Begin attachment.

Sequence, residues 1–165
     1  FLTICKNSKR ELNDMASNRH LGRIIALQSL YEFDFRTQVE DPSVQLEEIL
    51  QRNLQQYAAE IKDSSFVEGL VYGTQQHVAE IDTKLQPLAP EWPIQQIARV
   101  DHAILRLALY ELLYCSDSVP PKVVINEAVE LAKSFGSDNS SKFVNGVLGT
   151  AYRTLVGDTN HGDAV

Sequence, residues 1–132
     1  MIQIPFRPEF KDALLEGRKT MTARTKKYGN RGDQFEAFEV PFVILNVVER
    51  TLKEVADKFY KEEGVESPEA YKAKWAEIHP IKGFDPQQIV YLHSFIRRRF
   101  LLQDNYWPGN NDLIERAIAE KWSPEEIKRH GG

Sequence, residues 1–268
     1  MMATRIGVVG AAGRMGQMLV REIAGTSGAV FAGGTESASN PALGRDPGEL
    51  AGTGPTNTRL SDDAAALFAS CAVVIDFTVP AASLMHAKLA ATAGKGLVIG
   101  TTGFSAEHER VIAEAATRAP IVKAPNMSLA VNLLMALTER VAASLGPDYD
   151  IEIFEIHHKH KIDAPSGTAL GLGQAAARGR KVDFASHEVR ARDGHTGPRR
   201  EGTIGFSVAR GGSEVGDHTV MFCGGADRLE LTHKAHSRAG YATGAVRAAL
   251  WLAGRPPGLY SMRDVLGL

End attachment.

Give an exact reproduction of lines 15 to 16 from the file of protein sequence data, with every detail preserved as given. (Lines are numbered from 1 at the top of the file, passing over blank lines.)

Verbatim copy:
   201  EGTIGFSVAR GGSEVGDHTV MFCGGADRLE LTHKAHSRAG YATGAVRAAL
   251  WLAGRPPGLY SMRDVLGL